Originally Posted by CBJrumble View Post
Try..
http://www.sportskool.com

I watched it for Faceoffs helped alot not sure how much/if any it has for defense.
Cool site, has a few nice videos. I checked out the faceoff one, gave some good info that I should try.

I should check out some of the basketball videos too, I'm so bad at basketball, haha.

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02-13-2008, 05:07 PM
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http://www.jes-hockey.com/animated/p...sitioning.html

Interesting site -- the animation shows where each player is supposed to go in a set situation and there's an explanation to the right of what happens. Anyway, I float between wing and defense and might be able to give you a few pointers.

When the puck's in the offensive zone:
Try to hold the puck in at the blueline. You and your defensive partner should be at about 1/3 of the way from one of the side boards. Wingers are responsible for the boards, defensemen for the center slot. Make sure if an opposing player leaves the zone looking for a breakout pass that one defenseman is covering him, even if he has to leave the zone. If that happens, the second defenseman should move to the center of the blueline. Pinch in (offensively) only if a forward rotates back to cover your position.

When the puck's in the neutral zone, other team carrying the puck:
Make sure you're closer to your goal than anyone on the other team and keep moving. The last thing you want is to get caught flat footed with a player skating by you. Try to stay on the inside of the ice forcing him to skate along the boards and cutting off his options. You can go for a poke check (or a hip check) so long as it doesn't put your out of position.

I'll add more later. (Leaving work in a minute)

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02-13-2008, 06:06 PM
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mm6492
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always stay positioned in between your man and the puick. if it is in your side corner go for it. force offense to outside on the break, let them shoot from out there. let your goalie cover it, u clear anyone coming in

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02-14-2008, 10:50 AM
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Waterboy
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I'm only play rec hockey but have been lucky enough to play with the same d partner for most of my games on D. Huge difference - especially when you learn the other guys tendancies.

Confidence is my biggest issue and all the tips help a lot. Some make me bang my head on the wall and others prove that I'm doing the right thing.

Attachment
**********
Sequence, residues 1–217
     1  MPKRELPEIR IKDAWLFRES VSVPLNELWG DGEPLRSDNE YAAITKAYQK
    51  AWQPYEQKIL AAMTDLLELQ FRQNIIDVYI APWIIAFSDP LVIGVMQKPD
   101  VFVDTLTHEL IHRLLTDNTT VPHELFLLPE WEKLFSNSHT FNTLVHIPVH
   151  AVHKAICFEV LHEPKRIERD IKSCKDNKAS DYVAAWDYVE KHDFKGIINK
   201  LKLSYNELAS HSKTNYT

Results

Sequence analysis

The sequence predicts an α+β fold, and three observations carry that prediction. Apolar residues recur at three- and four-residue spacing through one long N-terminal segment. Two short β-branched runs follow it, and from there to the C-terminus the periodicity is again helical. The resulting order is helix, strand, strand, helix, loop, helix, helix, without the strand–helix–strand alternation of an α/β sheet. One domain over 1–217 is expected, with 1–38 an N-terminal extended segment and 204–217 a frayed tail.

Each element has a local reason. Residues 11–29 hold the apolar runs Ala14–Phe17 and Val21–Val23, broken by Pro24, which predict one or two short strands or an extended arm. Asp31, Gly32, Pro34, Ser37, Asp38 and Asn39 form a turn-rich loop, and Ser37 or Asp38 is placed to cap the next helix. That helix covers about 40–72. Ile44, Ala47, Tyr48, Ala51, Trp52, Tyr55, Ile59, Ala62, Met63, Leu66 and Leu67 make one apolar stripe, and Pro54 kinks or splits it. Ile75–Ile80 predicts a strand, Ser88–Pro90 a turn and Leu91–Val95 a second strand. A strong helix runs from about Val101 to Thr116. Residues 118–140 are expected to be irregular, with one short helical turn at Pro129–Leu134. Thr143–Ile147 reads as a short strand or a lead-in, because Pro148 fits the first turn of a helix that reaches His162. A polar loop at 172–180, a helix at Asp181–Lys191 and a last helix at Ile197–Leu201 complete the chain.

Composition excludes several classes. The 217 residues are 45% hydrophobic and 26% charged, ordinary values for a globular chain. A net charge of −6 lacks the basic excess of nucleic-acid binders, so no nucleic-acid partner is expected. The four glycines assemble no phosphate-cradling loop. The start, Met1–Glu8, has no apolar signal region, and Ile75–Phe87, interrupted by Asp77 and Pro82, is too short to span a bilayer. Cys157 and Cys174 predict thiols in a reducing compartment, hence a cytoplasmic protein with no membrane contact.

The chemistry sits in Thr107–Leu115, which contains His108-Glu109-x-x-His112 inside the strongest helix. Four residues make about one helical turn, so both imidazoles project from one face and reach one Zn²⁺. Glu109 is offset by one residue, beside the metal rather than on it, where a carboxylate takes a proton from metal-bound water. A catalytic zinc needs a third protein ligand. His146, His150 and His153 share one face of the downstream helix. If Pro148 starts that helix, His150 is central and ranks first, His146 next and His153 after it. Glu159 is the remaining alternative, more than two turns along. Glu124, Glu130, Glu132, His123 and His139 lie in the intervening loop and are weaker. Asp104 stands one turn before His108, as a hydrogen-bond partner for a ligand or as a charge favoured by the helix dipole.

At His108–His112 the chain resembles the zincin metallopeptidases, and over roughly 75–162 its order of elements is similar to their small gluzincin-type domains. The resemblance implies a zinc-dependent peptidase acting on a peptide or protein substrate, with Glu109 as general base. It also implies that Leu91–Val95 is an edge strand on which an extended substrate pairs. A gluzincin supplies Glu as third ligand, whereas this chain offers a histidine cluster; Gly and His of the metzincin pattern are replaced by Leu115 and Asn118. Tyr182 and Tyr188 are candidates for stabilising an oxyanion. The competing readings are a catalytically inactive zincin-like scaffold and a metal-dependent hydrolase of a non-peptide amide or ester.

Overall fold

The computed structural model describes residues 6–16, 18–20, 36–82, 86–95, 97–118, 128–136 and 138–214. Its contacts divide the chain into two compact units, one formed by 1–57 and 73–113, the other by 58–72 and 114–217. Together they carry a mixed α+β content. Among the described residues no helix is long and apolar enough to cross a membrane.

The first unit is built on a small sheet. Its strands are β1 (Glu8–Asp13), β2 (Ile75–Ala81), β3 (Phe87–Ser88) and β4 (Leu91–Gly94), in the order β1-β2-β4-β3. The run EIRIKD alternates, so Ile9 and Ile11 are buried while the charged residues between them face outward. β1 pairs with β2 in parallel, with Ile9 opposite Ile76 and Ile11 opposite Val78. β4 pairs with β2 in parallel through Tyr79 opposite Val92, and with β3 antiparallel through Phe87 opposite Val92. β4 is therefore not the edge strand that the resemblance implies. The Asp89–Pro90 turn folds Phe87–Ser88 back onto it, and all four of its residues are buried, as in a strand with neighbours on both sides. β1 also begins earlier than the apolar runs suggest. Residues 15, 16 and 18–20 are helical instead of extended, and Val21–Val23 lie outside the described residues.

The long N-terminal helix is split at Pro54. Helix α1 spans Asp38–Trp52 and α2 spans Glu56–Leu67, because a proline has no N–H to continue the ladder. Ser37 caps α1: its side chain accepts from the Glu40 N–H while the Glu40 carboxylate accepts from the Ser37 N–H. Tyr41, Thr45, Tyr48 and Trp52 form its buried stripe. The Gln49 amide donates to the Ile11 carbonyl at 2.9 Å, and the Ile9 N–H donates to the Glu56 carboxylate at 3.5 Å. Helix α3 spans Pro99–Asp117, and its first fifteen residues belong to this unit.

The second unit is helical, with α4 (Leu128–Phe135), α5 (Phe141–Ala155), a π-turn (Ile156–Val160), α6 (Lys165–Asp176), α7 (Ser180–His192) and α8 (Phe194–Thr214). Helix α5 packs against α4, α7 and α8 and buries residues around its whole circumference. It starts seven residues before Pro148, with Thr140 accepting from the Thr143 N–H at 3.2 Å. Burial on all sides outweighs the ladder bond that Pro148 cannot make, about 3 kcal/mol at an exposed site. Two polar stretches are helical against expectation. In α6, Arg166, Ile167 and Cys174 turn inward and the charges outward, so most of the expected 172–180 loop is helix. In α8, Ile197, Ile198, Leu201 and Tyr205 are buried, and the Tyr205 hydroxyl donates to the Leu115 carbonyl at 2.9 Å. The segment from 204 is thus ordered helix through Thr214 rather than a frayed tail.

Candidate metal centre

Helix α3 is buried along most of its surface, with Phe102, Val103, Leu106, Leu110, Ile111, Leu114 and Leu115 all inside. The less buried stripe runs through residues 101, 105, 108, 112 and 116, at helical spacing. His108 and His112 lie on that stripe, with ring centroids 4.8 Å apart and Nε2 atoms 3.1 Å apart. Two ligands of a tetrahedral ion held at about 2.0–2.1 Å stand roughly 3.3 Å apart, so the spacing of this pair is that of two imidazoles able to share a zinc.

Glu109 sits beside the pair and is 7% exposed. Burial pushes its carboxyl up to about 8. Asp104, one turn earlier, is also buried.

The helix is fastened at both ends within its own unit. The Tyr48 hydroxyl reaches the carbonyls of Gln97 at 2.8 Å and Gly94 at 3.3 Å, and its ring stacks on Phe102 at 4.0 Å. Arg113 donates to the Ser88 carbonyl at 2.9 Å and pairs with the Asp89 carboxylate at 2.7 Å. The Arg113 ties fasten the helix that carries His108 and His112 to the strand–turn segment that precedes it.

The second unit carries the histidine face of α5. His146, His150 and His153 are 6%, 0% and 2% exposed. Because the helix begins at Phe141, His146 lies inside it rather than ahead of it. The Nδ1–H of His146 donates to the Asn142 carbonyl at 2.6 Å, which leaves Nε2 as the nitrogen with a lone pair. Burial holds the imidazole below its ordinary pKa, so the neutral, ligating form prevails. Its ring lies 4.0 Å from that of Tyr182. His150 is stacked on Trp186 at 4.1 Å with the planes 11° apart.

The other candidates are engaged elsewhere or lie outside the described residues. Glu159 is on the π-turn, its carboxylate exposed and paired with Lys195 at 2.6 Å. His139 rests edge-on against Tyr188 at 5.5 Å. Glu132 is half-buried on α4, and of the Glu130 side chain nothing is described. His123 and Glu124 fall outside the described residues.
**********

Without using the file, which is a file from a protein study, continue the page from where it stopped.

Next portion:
Some quick questons.

When do you make a smart pinch vs. a stupid pinch? When you are down or up on the scoreboard? ONLY when you know you'll win the race? Only when you have someone covering? When the hot puck in the 5th row is watching? All the above??

When the play is downlow I always find myself covering one guy and a second is left open or beats his guy to the net and is open for a crosscrease pass...If I'm alone infront with two guys do I try to cover both (stay between them) or do I just take my man and hope the centre of other guy figures it out?

Is it best to tie up a guy infront or stay between him and the net? I'm not the biggest guy but I can move guys out pretty easily.

Finallly...is there any point to chasing a guy from behind the net or just stay on my post? I see a lot of guys that come down around the boards, behind the net and stop in the corner or at the hash marks looking for a pass. Its a low percentage shot and if they are standing still, do you challenge them or stay between them and the net (assuming the other D man has the guy in front covered)?

See...little things. A lot of them probably just preference based on the player's abilities I imagine but any tips would be great.

Thanks for humoring me guys!

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02-14-2008, 12:50 PM
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Henrique Iglesias
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Quote:
Originally Posted by Waterboy View Post
I'm only play rec hockey but have been lucky enough to play with the same d partner for most of my games on D. Huge difference - especially when you learn the other guys tendancies.

Confidence is my biggest issue and all the tips help a lot. Some make me bang my head on the wall and others prove that I'm doing the right thing.

Some quick questons.

When do you make a smart pinch vs. a stupid pinch? When you are down or up on the scoreboard? ONLY when you know you'll win the race? Only when you have someone covering? When the hot puck in the 5th row is watching? All the above??

When the play is downlow I always find myself covering one guy and a second is left open or beats his guy to the net and is open for a crosscrease pass...If I'm alone infront with two guys do I try to cover both (stay between them) or do I just take my man and hope the centre of other guy figures it out?

Is it best to tie up a guy infront or stay between him and the net? I'm not the biggest guy but I can move guys out pretty easily.

Finallly...is there any point to chasing a guy from behind the net or just stay on my post? I see a lot of guys that come down around the boards, behind the net and stop in the corner or at the hash marks looking for a pass. Its a low percentage shot and if they are standing still, do you challenge them or stay between them and the net (assuming the other D man has the guy in front covered)?

See...little things. A lot of them probably just preference based on the player's abilities I imagine but any tips would be great.

Thanks for humoring me guys!
Pinching: IMO you should only pinch under 2 (separate) conditions: only when you are absolutely sure youre gonna get a chance and have enough time to get back to your position OR when your teammate knows to fill in your spot when u pinch.

Down low: dont chase the guy with the puck, stay in between him and the shooter and cut off his passing lane. And for the 2 guys down low your gonna have to do your best by handling the both of them, whoever you think is in the better scoring position. Just keep your body on him and tie his stick up.As for the guy behind the net, its really your call (depends on if hes just gonna fly the other way when u chase or you know where hes gonna go and take him), but chase ONLY if your D partner has the front covered.